Tonari no Seki-kun
by Paul Jensen,
It's rare for one single scene to sell me on an entire series, but that's exactly what happened when I watched the first episode of Flying Witch last week. Near the end of the episode, the main character wanders off into the woods, pulls a screaming mandrake plant out of the ground, and offers it to her new friend as a gift. Something about the image of a girl smiling like all's right with the world as she holds a writhing plant monster just completely won me over. This show could string together half a dozen lousy episodes in a row and I'd still keep watching it in the hopes of seeing another scene as casually bizarre as that one. I've got a good feeling about this season, folks. Welcome to Shelf Life.
Jump to this week's review:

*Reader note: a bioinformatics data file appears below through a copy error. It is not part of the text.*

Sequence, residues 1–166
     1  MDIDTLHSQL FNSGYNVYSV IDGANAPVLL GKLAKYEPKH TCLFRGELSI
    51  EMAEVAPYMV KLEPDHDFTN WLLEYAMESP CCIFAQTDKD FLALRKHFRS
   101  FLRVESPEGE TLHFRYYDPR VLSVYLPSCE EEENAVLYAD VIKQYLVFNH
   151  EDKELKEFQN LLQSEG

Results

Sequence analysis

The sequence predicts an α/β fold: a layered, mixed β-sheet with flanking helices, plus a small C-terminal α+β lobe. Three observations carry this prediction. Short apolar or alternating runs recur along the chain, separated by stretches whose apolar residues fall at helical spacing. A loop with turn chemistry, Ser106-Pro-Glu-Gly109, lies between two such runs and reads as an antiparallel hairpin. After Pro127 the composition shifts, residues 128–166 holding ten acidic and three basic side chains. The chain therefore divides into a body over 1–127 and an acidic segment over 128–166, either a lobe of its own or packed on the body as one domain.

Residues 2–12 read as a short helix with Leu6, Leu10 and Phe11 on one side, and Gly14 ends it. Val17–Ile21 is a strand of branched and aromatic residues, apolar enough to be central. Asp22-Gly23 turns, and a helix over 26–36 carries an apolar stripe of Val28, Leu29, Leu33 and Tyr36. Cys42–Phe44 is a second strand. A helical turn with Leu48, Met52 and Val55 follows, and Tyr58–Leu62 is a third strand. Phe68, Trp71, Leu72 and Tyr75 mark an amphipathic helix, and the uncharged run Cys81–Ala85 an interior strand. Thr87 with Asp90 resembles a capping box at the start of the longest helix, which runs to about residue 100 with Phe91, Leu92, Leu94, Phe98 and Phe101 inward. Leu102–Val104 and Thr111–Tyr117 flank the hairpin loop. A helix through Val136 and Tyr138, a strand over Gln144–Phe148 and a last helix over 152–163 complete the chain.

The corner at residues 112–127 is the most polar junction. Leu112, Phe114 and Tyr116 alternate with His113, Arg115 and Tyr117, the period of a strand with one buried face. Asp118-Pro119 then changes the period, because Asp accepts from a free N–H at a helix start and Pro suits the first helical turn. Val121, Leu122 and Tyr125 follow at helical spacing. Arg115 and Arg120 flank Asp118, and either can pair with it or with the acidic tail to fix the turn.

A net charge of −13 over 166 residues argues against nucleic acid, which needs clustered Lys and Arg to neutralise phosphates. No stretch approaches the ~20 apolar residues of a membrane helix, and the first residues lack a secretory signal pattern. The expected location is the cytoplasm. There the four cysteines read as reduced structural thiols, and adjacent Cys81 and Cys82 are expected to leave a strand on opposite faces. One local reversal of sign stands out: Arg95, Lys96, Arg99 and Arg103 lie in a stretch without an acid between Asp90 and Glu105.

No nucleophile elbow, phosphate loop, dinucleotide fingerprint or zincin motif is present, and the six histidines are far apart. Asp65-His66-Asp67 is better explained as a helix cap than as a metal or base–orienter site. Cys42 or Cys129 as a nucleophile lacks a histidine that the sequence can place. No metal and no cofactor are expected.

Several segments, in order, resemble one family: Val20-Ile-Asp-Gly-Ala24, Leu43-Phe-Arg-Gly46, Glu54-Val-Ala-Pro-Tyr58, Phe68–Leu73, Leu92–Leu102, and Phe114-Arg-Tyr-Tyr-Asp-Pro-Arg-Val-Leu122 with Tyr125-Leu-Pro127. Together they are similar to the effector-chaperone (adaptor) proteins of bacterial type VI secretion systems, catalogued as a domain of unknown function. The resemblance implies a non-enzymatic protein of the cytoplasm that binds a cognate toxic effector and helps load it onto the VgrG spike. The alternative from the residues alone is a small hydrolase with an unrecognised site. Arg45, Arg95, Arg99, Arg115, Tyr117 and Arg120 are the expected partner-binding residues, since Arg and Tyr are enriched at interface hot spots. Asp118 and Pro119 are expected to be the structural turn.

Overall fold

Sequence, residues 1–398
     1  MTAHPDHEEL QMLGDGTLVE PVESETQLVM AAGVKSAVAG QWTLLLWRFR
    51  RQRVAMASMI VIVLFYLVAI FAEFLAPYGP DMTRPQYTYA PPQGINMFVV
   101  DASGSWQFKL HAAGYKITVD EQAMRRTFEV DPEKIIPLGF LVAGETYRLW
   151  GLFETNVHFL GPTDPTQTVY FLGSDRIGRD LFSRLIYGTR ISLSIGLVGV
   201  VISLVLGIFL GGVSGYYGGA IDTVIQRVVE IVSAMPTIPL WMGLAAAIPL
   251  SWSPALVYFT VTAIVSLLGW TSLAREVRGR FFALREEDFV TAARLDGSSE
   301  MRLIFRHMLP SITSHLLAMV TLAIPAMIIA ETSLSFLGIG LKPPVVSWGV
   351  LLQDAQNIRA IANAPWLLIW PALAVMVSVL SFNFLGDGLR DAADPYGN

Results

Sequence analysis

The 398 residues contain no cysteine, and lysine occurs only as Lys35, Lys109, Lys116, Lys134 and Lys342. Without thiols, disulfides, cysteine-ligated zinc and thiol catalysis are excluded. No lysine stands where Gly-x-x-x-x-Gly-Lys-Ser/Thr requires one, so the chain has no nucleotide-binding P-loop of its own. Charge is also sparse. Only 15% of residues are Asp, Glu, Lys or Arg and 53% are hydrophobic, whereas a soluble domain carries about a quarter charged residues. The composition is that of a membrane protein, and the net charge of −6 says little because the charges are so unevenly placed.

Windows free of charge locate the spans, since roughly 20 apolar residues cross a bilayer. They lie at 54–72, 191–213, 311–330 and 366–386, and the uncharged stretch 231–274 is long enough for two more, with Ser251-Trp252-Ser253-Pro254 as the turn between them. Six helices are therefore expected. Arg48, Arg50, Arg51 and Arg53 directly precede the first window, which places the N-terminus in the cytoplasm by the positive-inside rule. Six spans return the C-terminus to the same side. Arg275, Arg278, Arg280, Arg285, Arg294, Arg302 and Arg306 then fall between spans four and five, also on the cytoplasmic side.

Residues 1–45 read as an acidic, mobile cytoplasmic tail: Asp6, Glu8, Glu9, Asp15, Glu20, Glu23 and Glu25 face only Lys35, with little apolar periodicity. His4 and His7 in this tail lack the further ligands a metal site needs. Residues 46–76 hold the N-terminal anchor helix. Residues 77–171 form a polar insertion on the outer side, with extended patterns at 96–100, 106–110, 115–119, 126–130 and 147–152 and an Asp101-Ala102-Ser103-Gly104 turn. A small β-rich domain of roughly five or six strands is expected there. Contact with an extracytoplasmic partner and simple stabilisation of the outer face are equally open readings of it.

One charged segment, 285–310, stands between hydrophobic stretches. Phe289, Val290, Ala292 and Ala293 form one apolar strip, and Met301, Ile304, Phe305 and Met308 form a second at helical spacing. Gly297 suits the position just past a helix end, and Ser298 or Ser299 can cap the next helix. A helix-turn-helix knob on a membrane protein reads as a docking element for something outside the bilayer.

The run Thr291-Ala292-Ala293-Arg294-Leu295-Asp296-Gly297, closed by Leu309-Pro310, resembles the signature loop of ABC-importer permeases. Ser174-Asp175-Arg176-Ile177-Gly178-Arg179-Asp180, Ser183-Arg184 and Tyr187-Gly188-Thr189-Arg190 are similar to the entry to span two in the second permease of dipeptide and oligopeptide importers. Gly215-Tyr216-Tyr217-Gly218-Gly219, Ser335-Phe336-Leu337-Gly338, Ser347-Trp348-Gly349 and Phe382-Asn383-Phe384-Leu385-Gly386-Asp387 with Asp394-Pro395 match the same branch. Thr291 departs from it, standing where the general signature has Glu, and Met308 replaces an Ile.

Tonari no Seki-kun
On Shelves This Week
Synopsis: The war between Earth and VERS approaches its conclusion. Slaine gathers his forces for a final battle, while Inaho and the crew of the Deucalion make preparations of their own.
Synopsis: Ciel and Sebastian are called upon by the Queen to look into cases of missing children. Their investigation leads them to a traveling circus full of unusual performers, and the two of them go undercover to find the truth.
Synopsis: Princess Tutu, a ballet dancer with a magical secret, works to help a prince recover the missing pieces of his heart.
Yamishibai: Japanese Ghost Stories - Seasons 1 and 2 BD, DVD
Sentai - 117 min - Sub - MSRP $34.98|$24.98
Currently cheapest at: $19.99 Amazon|$16.24 Right Stuf
Synopsis: This series presents a variety of short horror stories based on Japanese folktales and urban legends.
Extra: We don't have any official reviews of this short-format horror series, but you can watch both of the seasons in this set along with a third over on Crunchyroll.
Shelf Life Reviews